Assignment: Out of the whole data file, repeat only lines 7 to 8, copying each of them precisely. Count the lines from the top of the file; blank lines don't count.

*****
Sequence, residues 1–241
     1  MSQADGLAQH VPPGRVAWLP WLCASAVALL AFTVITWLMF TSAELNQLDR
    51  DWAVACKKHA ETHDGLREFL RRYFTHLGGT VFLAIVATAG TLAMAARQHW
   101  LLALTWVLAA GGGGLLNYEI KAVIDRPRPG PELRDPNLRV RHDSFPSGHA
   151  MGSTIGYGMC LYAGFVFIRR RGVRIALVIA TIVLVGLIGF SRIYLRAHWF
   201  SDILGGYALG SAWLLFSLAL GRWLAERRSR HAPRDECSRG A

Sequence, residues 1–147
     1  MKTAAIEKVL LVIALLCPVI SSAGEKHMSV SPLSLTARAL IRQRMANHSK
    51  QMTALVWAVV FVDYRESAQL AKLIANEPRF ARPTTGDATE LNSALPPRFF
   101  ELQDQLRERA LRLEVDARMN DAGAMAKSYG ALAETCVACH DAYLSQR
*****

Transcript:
Sequence, residues 1–147
     1  MKTAAIEKVL LVIALLCPVI SSAGEKHMSV SPLSLTARAL IRQRMANHSK